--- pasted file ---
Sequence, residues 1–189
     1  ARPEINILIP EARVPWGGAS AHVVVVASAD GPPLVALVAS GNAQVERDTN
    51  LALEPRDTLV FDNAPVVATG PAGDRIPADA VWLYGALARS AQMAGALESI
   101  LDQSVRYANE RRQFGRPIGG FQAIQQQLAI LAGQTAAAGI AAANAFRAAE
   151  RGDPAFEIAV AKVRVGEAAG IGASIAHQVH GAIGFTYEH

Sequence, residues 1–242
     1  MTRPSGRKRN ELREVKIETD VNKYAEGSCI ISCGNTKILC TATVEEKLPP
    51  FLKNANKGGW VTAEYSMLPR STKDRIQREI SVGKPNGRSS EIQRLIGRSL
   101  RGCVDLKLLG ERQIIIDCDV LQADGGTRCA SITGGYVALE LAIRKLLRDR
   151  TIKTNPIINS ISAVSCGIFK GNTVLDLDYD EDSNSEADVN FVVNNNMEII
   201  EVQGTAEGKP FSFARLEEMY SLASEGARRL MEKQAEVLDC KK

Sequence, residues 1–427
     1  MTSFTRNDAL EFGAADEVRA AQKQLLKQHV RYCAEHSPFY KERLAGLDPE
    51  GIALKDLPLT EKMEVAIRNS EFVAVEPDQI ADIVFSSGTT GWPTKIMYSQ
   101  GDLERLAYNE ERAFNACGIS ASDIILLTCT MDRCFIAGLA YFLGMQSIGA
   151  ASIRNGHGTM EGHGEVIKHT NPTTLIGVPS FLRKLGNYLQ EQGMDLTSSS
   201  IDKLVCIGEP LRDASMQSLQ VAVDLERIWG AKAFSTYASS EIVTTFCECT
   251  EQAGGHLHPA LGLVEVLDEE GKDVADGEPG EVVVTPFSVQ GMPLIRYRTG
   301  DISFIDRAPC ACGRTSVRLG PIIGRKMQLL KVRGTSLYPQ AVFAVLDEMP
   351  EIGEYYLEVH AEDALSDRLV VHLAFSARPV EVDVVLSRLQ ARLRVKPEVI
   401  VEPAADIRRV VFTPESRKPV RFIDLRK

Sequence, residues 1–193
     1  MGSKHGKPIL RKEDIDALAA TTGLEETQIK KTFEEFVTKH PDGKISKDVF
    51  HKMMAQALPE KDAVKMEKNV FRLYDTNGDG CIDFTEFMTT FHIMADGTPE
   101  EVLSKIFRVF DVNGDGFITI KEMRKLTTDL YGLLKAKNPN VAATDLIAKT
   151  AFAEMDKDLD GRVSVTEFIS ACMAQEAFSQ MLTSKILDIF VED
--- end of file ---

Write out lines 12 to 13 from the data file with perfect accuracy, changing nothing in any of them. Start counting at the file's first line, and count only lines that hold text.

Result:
Sequence, residues 1–427
     1  MTSFTRNDAL EFGAADEVRA AQKQLLKQHV RYCAEHSPFY KERLAGLDPE